In other words, rather than being an alternative to nationalism, authoritarianism and war, Keynesianism actually required these horrors. The moment that nationalism and war-time discipline declined, as they did in the 1960s, workers took advantage of Keynesian full employment and welfare provision by striking and working less, and the whole Keynesian system went into crisis.
This is why the ruling class are so reluctant to return to Keynesianism and have, instead, opted for long-term austerity. But austerity also requires war. Whether Stalinist, fascist or Thatcherite, 20th century rulers could only impose austerity on people by both distracting and uniting them through a constant state of war emergency. The Cold War was ideal for this. However, all attempts to revive it in the 21st century, as the ‘War on Terror’, have resulted in failure.
Despite the brutality of the wars in Afghanistan and Iraq, international opposition deterred the US from bombing and massacring people into submission as they did in Korea and Vietnam. At the same time, the US population’s reluctance to sacrifice its soldiers compelled the US military to use so much violence to protect its personnel that they created irreconcilable hostility to the American presence.
Unable to risk putting troops on the ground in Libya, Syria or Iran, the US now finds it increasingly difficult to unite Western populations around military confrontations with smaller powers. What Western capitalism really requires is a new ‘Communist threat’. But the only candidate for this is China. And, having had to contain its own workers by deindustrialising, Western capitalism now completely depends on the ability of the Chinese Communists to contain Chinese workers while they manufacture the world’s consumer goods. This makes a new Cold War, with an increasingly unstable China, highly unlikely.
As Hillel Ticktin argues, unable to revive either the credit boom, Keynesianism or the Cold War, capitalism simply has no strategy. Maybe, all it can do is to disintegrate slowly while people’s expectations of a better life are dashed again and again.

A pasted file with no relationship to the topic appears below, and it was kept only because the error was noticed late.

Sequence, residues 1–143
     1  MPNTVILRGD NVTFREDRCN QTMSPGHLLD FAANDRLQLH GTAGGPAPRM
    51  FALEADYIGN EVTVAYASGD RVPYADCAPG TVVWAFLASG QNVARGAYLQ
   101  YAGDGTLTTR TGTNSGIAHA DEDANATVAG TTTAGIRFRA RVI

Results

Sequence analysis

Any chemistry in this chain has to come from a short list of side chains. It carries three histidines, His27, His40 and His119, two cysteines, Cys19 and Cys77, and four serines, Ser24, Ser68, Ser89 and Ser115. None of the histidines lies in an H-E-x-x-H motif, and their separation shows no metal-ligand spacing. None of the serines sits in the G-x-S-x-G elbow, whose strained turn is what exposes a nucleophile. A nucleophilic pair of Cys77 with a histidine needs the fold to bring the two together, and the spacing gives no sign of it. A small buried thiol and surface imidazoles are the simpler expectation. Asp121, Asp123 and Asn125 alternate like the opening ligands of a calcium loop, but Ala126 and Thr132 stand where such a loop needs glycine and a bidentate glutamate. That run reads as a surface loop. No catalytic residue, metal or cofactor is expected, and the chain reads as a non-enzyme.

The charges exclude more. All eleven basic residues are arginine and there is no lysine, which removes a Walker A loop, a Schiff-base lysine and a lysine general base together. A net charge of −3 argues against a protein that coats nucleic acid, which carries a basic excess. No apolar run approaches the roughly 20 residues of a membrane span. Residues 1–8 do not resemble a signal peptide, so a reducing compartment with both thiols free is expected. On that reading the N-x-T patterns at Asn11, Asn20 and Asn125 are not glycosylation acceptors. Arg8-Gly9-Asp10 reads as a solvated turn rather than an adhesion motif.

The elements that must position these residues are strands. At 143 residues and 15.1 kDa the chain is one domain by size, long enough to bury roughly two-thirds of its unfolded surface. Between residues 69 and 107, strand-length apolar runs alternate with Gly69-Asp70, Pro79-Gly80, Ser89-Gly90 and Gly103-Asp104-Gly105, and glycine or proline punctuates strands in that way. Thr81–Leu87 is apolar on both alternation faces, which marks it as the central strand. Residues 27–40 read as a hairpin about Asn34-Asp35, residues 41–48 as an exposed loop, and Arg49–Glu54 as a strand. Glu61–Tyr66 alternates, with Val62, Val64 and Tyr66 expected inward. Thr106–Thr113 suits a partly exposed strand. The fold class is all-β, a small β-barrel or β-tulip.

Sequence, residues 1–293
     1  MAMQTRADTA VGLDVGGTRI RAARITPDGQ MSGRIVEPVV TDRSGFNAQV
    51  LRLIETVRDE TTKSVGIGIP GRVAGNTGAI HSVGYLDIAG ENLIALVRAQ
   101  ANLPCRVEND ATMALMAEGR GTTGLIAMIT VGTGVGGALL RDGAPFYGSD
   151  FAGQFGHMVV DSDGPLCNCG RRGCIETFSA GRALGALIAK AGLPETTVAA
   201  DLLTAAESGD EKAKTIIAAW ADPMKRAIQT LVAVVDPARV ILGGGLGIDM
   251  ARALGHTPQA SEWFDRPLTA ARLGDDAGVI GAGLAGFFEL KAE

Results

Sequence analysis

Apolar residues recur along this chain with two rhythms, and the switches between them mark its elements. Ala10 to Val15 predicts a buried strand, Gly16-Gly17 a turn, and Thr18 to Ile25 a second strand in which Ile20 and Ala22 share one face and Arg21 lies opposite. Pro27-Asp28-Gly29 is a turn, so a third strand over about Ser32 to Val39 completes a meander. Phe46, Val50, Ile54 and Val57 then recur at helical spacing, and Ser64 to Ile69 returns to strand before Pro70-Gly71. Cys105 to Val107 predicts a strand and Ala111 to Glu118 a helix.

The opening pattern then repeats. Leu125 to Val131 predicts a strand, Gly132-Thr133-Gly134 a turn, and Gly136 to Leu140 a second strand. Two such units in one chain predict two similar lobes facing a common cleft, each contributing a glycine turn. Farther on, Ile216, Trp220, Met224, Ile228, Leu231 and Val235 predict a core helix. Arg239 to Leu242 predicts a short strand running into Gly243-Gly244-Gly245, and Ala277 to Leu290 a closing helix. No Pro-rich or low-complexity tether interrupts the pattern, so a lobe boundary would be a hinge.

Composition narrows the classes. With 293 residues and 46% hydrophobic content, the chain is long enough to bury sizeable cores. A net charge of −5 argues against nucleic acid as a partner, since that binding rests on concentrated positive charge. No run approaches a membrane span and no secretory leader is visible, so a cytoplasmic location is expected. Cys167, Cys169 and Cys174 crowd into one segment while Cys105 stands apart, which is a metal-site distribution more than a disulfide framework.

This situation may last for years. But there has never been a time in history when people have put up with endless impoverishment while the available technology could so easily create abundance. And, as the collapse of the Soviet Empire and Arab dictatorships shows, when regimes cannot provide a better life, people start looking for alternatives – which, once expressed in an oppositional movement, tend to spread internationally very quickly. Such movements can be repressed for a while. But, without the justifications of the Cold War, repression delegitimises any regime that uses it, and this just creates more opposition.
This all means that Mason is right to say that we may be returning to something like the social unrest before 1914. The big difference is that, unlike in 1914, today our rulers cannot escape such unrest by launching a global war.
Mason appreciates some aspects of this situation and predicts “repeated stand-offs between the masses and the policymakers” (p90). However, all his historical references, from 1848 to the 1960s, involve social conflicts that were eventually followed by a revival of the capitalist system. Yet, what if such a revival is no longer possible? We would then need historical references on a larger scale than the past two hundred years. We would then need to compare the present crises of capitalism with the rise and fall of social systems over thousands of years.
Mason, however, is reluctant to explore bigger historical patterns. He insists both that “there is no predestined outcome to … the development of … class struggle or individual freedom” and that “you can’t return to the past” (p152, 142). These statements are, strictly speaking, true. But it is also true that people’s desire for community and freedom does create cycles in history, in which the past does, in some ways, return.
Marx was not averse to predicting such cycles. For example, when writing about a range of ‘primitive’ societies, including Russian village communes, he not only says that “the vitality of primitive communities was incomparably greater than that … of modern capitalist societies,” he also says that: